The first light of the sun could not disturb a sleeping Tarun as she watched him closely for the first time. She knew she was not a reality, but she knew his emotions were real. She waited freely chained on the chair before he would get up for another fighting day in the city of so-called joy. She knew he had no one except a shadow in the darkness to talk about his loveless life! She kissed his forehead! He smiled in his dream!

They exchanged a partial farewell glance in between what you read and what I wrote…

The Cemetery helped me to ask questions…

IMG_0237Now that I’ve made a film on my own, I know there is a huge difference in dreaming about making a good film and actually making it good enough. Honestly speaking, I never had the idea about what are the possible threats that might come in my way and overcoming them was purely coincidental. I am sure if I’m left in an equally drastic situation that I was in during the shooting of The Cemetery now, I will deal them in a different way. However, the improvisation was exciting and when I look back to trace my mistakes, I find myself as an immensely strong character who is driven by an even stronger dream!

 

 

 

 

Let’s hope that is my strength. But, in a world where the mass is ready to trade art for anything and everything, where do I or we (a small section of the world who dream about freedom of real art from the shackles of consumerism) stand? We don’t lack inspiration, we don’t lack enthusiasm, we don’t lack the spirit to learn and evolve.

 

What we lack is the question! Is it an amicable situation where we can define our sense of art and challenge the establishment? Or, is it a society that is not as forgetful as the one we are living in?

I’m sorry, I couldn’t find the answer blowing in the wind…

To all of you who made “The Cemetery” possible!

photo 2The first screening or rather a core team screening of the short film, “The Cemetery” was happily concluded at the residence of the veteran actor and my recent HERO, Mr. Barun Chanda today. A group of sublimely talented friends of mine who stood by my capricious dream in rain and thunder was there to watch the almost final version of the film. I would like to thank all those people who helped me in completing my maiden project, an experience that I will cherish for my entire life.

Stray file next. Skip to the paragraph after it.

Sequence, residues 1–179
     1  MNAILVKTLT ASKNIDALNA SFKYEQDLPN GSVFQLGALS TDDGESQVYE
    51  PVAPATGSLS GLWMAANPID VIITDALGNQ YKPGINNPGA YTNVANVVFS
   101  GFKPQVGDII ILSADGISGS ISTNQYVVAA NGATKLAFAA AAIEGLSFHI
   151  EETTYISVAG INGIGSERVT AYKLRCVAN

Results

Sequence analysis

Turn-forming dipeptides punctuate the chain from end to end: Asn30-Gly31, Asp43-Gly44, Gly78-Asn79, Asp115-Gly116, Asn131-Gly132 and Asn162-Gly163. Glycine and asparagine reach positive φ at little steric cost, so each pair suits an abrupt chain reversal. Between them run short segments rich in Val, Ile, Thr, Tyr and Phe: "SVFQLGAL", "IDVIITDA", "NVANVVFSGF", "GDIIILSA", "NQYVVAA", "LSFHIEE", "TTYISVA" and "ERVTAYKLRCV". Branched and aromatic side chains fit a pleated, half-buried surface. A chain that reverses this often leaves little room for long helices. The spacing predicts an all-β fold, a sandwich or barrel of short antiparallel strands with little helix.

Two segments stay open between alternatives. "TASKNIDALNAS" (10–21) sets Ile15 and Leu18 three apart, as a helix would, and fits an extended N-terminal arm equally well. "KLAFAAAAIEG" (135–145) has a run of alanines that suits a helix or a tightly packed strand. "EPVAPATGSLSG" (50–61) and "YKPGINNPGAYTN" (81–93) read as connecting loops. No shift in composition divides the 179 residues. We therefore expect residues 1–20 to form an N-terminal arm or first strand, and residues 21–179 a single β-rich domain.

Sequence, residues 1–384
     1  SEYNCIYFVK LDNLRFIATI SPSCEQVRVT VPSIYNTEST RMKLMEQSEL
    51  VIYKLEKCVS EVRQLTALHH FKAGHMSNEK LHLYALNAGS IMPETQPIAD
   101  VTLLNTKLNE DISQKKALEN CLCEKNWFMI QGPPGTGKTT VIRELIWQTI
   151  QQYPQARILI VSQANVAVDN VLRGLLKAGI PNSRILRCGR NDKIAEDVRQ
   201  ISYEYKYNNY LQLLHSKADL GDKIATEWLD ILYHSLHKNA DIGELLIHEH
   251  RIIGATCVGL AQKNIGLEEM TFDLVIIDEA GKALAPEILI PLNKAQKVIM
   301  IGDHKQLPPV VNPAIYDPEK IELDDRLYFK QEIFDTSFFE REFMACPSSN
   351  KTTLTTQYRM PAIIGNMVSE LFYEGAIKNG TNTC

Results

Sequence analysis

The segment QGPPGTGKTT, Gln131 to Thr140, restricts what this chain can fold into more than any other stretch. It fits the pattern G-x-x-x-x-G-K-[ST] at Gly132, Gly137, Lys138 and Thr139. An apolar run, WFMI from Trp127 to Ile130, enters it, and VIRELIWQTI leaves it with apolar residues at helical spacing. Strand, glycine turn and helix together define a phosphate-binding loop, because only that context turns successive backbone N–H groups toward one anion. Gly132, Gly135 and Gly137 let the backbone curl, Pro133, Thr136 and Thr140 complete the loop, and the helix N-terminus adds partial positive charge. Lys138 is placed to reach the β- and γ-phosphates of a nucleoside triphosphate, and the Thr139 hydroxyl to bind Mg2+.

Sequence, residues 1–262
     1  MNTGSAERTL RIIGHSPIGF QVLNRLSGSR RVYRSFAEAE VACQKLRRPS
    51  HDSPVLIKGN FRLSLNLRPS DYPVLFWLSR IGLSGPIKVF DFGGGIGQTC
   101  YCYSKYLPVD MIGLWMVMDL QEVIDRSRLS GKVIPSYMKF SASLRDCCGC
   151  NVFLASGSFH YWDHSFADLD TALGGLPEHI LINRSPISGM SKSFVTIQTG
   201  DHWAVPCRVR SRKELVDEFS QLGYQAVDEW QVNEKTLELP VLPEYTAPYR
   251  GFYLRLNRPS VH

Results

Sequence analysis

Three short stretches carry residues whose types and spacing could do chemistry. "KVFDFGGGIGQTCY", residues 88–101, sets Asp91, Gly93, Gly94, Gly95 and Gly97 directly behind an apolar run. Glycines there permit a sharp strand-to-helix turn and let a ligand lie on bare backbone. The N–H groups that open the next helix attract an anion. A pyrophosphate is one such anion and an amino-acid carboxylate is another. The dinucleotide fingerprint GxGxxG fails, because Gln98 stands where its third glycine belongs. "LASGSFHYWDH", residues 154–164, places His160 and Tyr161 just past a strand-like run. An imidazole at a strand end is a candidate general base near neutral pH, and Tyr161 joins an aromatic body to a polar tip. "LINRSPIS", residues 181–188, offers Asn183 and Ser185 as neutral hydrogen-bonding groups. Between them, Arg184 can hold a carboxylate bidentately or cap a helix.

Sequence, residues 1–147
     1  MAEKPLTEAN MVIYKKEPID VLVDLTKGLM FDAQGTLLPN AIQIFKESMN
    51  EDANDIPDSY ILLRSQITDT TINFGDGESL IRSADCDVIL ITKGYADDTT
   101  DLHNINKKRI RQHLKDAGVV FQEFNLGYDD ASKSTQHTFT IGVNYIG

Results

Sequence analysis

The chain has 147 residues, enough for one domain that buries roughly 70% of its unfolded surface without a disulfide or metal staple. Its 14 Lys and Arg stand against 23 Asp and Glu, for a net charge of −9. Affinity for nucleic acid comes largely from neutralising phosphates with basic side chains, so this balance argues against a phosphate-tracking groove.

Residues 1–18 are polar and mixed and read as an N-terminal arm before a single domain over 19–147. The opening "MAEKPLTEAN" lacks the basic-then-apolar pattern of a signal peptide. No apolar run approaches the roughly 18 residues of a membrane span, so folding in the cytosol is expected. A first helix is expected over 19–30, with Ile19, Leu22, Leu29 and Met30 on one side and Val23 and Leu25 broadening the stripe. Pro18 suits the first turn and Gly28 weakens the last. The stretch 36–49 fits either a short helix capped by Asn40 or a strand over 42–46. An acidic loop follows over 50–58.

So, many of our dreams at first seem impossible, then they seem improbable, and then, when we summon the will, they soon become inevitable. Probably this short film had a similar run of events! But it would have been really impossible to complete this project unless I was blessed with these people around me. This small post is dedicated to all of you who made, “The Cemetery” inevitable!

 

IMG_0213Barun Chanda: This charismatic, forever young man needs no introduction I guess. From Ray’s Seemabaddha, to the recent successful saga of the Lootera, he was and still is one of the most compelling actors of serious Indian cinema! In this short film project “The Cemetery”, he not only acted in one of the pivotal roles but also became the guardian of the film! It might have been my dream but he protected the dream with all his experience and wisdom as an actor, advisor, and narrator and most importantly as my friend! I owe you this film Sir!

DSC_0117Tanusree Chakraborty: “The Cemetery” is a film typically based on a character called Carole, a Christian widow who seeks emancipation from her past life. I never thought she would readily agree to play Carole; she proved me wrong. She helped me with her precious time (probably the most valuable thing for her) and patience with a relatively young and inexperienced film maker like me! There were instances of difference in opinion and lack of facilities that disturbed the spirit. I take the responsibility and can vouch for a better setup next time. However, she enriched the film with a really professional performance and I hope the end result will certainly give her a reason to smile!